Valerie: Well I think the good news is that companies are beginning to realize that they're competing in a global marketplace and in order to do that they have to figure out, "well how am I not only going to get the most talented to come in the door?" But, "how am I going to get them to stay here?" And evidence is beginning to show that companies that appreciate that and put in place policies that support working families and that's everything that we've discussed earlier from equal pay to paid leave, paid sick days, workplace flexibility, a culture that's supportive. I often say that if you have a paid leave policy on your books and nobody takes advantage of the paid leave policy then you actually don't have a paid leave policy. And we see this all over the place where companies will adopt these policies but the tone and the culture doesn't give you permission to take advantage of them. I would contrast that for example with President Obama's White House where we gave everybody three months of paid leave. You know, you would think, "Well my goodness in the White House with all of the challenges that we're facing how did you possibly do that?" Well, we put in place a provision where if you took leave and the number two person would step up to the plate, that person would then come to more senior meetings and have more responsibility and we'd get a chance to see what they could do. It was a win: win. And when senior men started taking the full three months, that would send a very powerful message to the men in the organization as well. I remember at one point the press secretary didn't travel with President Obama overnight. He said, "I have a new baby. I need to be home." Well, what kind of shockwaves does that send for a guy who's a press secretary to say I'm going to stay home because that's where I think I should be. And so it helped us create a culture that was supportive of working families in one of the most high-pressure places in the world. And so it can be done but it has to be more than just a policy on a piece of paper. The people at the top have to support it and empower people to appreciate the fact that they know that they will come back to work really ready to work hard if you've given them a reasonable amount of time to bond with their children for example or they know that they don't have to come to work sick. I don't want you coming to work sick. So there are a lot of reasons why these policies are good for society and I think looking at it not as a nice-to-do for women but as a business imperative for the economy, for working families and for our country to give us a competitive advantage 'cause everybody else has many of these policies. So that's just one example of many in which I think employers have to start thinking differently and we also have to if we're able to, we have to speak up. I tell a story in my book; and look, everybody's not in this position, but I was in a meeting with Mayor Daily and fortunately I was there with Susan Shirl who was the head lawyer for the city and I was running the Department of Planning & Development. We were both very intimidated by Mayor Daily. We were real young and grew to love him but he's a little scary in the beginning. We were looking at our watches and we kept looking secretly at our watches and then each other. He caught us and he looked at me and said, "What's so important that you'd rather be doing than being here?" In the moment of truth I'm not sure I would have had the courage to do had Susan not been right there at the table which is why there's safety in numbers. I said, "Oh gosh the Halloween parade starts in 20 minutes and Susan and I are 25 minutes away and we have second graders." He said, "Then what are you doing here? Go. Go." So we go flying down Lakeshore Drive in Chicago and we get there just as these little darlings come out of the school in their costumes looking all over the crowd for their parents. We were there. But if I hadn't had the courage to speak up then how would he have even known, right? And so sometimes we're so afraid we'll look like we're not committed to work if we say, "Excuse me sir but I've got to do this. I'll be back." But what's so infuriating about that and drives me crazy is that when the guy goes, "Oh I'm going to go leave early to take my son/daughter to soccer practice" and what does everyone say, "Oh what a wonderful dad that is." Women don't get the same pass and we should. We should have employers that say just what Mayor Daily said to Susan and me which is, "Get down there and go to that parade." In return we are both so loyal to him to this day. Right.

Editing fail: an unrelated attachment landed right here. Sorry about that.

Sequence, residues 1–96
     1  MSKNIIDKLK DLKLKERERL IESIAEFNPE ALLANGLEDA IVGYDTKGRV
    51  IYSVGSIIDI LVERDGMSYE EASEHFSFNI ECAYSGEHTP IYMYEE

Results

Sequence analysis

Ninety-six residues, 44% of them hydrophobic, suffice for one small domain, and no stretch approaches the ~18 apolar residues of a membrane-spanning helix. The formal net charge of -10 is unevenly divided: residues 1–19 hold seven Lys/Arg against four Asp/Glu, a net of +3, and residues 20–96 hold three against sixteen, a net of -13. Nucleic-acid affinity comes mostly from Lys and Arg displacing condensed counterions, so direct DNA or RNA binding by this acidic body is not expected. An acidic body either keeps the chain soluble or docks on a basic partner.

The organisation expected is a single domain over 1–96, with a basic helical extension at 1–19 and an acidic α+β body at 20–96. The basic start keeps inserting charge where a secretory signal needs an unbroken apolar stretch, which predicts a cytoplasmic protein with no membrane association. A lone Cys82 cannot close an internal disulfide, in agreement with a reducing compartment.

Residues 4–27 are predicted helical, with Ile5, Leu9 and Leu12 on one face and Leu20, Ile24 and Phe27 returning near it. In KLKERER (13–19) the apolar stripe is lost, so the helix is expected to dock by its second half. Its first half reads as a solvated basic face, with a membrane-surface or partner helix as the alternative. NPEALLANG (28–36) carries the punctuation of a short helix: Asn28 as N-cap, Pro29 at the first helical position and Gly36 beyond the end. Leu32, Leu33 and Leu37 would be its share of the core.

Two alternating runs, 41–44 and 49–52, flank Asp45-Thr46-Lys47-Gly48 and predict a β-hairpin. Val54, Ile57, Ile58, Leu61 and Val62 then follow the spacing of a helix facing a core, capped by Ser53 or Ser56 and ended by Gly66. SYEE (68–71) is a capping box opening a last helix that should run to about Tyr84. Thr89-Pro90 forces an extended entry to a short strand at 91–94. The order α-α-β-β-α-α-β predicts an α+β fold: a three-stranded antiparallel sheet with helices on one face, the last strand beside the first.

Liz: I got tears in my eyes thinking of that moment of like almost I can imagine myself being in that situation of the panic of we're not going to make it and their little eyes are going to look up to try and find me and I'm not going to be there.